TransCanada Corp.: A weak record on the environment and accountability


TransCanada has already had large spills, explosions, and other disasters with its pipelines. In February 2014, the CBC reported on instances where the company had been severely reprimanded by the federal regulator for “inadequate” field inspections and “ineffective” management.

An audit of TransCanada which began in November 2012 found the energy giant was non-compliant in four of nine areas reviewed. The National Energy Board fast-tracked the audit after a whistleblower complained to the regulator of substandard welding and inspection practices within the company.

The audit found instances of non-compliance in four categories: hazard identification, risk assessment and control; operational control – upset or abnormal operating conditions; inspection, measurement and monitoring; and management review. “The board notes that a number of the allegations of regulatory non-compliance were identified and addressed by TransCanada only after the complainant’s allegations were made and were not proactively identified by the company’s management system,” the energy board noted.

The audit also confirmed that the whistleblower, an engineer then working for TransCanada, had first approached senior management about his safety concerns before going to the regulator.

A partnership rife with risk

In April 2015 the international news service Reuters reported on the safety record of Irving Oil, a partner in TransCanada’s Energy East Pipeline project. Irving Oil is poised to build and operate the sole Atlantic export terminal for the project.

Through a Right to Information Act request, Reuters uncovered that Irving Oil has logged at least 19 accidents classified by regulators as “environmental emergencies” at its existing facilities in eastern Canada since 2012, including three that drew warnings for delayed reporting.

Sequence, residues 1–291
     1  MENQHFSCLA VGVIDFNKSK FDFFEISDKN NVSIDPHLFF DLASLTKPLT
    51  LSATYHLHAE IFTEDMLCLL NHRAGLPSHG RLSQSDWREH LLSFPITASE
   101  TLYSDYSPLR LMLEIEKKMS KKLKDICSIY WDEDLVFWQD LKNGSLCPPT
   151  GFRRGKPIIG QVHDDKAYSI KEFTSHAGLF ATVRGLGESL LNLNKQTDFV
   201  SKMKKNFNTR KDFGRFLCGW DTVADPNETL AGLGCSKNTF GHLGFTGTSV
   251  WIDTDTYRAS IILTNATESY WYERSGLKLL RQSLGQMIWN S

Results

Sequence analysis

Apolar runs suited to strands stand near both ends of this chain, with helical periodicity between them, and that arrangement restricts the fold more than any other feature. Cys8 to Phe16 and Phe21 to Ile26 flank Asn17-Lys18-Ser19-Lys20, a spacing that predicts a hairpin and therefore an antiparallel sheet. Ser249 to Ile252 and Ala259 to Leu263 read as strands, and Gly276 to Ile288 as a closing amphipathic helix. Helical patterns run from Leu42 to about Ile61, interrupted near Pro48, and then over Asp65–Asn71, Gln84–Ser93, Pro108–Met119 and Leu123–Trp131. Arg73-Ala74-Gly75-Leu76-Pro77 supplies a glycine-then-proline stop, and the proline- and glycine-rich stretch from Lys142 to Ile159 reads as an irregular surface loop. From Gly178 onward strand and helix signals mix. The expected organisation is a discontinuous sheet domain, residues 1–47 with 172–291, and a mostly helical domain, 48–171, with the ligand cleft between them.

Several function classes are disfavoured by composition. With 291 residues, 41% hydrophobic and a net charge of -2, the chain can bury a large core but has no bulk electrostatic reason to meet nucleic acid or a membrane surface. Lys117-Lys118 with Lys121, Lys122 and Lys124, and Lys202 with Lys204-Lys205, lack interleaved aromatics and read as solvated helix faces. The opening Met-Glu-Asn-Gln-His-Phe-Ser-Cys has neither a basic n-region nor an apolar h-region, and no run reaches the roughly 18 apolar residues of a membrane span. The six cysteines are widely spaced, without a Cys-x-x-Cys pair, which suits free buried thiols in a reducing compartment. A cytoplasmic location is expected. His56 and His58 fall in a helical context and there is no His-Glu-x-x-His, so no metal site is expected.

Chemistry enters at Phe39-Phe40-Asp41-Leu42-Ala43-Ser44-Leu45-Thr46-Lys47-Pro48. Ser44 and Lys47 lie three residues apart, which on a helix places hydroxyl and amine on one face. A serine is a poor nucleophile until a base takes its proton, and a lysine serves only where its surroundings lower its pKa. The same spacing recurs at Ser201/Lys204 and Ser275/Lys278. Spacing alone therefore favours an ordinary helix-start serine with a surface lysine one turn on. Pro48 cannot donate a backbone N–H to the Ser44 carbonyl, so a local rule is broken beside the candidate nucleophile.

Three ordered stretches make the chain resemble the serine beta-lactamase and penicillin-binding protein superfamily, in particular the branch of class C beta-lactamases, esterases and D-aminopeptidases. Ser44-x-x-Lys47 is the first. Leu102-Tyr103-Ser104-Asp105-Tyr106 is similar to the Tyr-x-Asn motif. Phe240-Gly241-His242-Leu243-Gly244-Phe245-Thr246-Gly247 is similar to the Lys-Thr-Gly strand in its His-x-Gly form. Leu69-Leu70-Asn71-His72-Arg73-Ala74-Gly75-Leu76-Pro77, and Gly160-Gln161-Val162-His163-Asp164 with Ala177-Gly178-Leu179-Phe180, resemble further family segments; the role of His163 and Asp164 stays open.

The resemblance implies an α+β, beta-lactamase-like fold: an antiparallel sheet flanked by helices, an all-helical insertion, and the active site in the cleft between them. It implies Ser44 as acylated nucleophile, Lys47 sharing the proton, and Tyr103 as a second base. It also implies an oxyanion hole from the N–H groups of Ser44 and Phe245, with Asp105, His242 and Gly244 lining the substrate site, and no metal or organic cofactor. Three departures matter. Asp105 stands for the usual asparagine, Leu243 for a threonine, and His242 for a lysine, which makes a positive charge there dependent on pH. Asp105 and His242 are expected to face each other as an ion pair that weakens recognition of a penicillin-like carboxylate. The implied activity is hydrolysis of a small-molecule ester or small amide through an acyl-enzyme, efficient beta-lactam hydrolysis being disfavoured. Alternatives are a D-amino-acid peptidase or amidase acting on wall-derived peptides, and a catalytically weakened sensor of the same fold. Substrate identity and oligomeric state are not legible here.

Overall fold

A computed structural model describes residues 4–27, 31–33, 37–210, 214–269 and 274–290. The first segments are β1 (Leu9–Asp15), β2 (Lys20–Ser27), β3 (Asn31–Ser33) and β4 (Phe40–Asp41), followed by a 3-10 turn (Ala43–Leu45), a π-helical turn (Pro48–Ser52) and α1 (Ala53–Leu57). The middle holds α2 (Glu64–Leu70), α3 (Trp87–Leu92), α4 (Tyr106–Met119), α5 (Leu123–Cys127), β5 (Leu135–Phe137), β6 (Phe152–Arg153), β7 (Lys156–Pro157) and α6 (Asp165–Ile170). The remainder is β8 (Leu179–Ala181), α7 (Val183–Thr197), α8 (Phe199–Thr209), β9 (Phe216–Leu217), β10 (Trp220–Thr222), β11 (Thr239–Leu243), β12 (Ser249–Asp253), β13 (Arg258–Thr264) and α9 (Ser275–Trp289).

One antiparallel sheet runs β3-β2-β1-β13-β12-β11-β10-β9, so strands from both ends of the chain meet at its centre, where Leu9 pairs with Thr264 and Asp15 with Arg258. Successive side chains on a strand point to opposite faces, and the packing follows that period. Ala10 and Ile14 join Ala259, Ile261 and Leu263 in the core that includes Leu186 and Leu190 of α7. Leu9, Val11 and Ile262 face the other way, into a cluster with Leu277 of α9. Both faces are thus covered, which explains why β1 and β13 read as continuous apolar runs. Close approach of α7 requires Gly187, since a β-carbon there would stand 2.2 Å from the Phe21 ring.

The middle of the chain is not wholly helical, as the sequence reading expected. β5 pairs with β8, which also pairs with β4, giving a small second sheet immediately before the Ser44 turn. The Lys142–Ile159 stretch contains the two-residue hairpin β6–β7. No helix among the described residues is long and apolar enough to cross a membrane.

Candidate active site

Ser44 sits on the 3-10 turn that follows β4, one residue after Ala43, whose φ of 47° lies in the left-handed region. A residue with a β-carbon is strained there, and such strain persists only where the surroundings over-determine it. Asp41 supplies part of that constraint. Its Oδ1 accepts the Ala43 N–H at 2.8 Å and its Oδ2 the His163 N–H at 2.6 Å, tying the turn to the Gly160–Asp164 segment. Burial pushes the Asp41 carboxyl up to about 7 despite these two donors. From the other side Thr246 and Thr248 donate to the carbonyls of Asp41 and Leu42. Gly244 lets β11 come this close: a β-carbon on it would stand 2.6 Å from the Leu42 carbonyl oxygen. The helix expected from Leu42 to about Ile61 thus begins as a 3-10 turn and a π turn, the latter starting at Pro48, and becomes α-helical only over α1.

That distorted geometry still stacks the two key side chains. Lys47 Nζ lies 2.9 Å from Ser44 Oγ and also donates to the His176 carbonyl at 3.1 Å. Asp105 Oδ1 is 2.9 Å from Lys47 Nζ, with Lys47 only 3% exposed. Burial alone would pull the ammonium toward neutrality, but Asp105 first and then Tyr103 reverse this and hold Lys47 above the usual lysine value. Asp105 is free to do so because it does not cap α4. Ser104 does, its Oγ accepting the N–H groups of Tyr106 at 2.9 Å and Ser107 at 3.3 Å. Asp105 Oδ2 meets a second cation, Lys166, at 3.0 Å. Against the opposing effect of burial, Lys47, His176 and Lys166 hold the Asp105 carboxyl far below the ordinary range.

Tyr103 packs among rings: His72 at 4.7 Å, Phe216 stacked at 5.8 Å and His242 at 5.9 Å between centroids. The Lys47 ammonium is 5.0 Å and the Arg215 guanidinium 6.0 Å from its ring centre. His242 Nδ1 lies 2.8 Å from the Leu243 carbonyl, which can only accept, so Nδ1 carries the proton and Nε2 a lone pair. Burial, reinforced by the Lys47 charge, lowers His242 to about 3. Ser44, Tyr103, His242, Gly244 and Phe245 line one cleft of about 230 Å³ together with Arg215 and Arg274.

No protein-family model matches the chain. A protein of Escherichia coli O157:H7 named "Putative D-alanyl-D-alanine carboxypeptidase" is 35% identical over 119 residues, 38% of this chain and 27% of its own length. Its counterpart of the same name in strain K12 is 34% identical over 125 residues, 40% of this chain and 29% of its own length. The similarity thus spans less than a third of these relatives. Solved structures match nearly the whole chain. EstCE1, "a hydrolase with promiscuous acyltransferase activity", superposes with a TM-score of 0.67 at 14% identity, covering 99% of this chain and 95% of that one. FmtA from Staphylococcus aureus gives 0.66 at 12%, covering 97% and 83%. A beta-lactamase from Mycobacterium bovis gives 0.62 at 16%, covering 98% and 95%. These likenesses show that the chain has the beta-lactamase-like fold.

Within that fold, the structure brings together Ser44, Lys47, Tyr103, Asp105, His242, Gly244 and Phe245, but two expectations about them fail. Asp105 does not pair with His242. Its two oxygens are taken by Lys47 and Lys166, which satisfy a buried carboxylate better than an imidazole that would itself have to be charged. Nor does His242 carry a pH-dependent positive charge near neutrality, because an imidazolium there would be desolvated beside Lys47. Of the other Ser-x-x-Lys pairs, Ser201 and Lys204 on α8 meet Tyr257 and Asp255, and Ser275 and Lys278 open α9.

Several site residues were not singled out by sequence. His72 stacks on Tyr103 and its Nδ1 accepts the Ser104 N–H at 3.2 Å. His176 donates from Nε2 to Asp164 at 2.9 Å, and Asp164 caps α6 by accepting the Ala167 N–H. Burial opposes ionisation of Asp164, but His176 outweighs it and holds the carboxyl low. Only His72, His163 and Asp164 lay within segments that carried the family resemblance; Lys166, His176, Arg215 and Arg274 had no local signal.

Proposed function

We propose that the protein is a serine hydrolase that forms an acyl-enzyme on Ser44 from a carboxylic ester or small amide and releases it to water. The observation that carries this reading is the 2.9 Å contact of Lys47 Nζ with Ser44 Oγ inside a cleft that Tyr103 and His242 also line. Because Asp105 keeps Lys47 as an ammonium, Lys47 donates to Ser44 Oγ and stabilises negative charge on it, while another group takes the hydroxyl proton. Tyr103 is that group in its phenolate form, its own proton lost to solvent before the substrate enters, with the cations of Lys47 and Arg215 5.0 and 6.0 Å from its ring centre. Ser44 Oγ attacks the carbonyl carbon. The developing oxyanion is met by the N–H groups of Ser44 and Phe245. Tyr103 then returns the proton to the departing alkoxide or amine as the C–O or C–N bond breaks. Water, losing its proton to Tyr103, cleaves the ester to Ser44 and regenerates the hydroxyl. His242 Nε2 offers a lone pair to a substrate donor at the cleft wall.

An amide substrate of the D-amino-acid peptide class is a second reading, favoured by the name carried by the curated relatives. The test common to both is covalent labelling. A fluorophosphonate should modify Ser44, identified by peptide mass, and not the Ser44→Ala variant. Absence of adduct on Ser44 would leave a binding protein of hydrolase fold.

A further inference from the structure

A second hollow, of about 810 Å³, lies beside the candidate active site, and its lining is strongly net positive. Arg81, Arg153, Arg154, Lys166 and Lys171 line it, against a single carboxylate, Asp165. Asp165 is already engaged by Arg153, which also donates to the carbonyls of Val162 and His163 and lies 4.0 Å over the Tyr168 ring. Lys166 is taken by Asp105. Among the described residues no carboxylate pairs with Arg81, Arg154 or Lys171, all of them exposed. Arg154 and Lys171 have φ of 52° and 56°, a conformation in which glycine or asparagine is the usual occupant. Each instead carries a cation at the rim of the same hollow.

According to the documents, Irving Oil’s 300,000 barrel per day refinery and its associated storage terminals in Saint John have had environmental emergencies ranging from petroleum spills as big as 3,000 barrels, to smaller incidents such as refinery emissions of sulfur dioxide exceeding permitted levels.

In one case in 2013, New Brunswick’s Department of the Environment issued Irving a formal warning for taking more than a full day to report a storage tank leak of about 132 gallons of crude at its Canaport facility on the Bay of Fundy, near the site Irving is planning its terminal for Energy East.

In back-to-back accidents a year earlier, Irving was reprimanded by regulators for failing to immediately report a release of toxic sulfur dioxide gas from the refinery, and a spill of crude oil at its rail facility near a residential zone in Saint John.

“The Department considers both of these incidents environmental emergencies, although environmental emergency reporting procedures were not followed,” the regulators wrote in one of the letters reviewed by Reuters.

The largest spill during the period occurred in April 2014 when as much as 3,000 barrels poured out of an overfilled Irving storage tank – enough to fill a fuel tanker truck. After that spill, Irving was required to implement new procedures for tank loading, and adjust training for staff.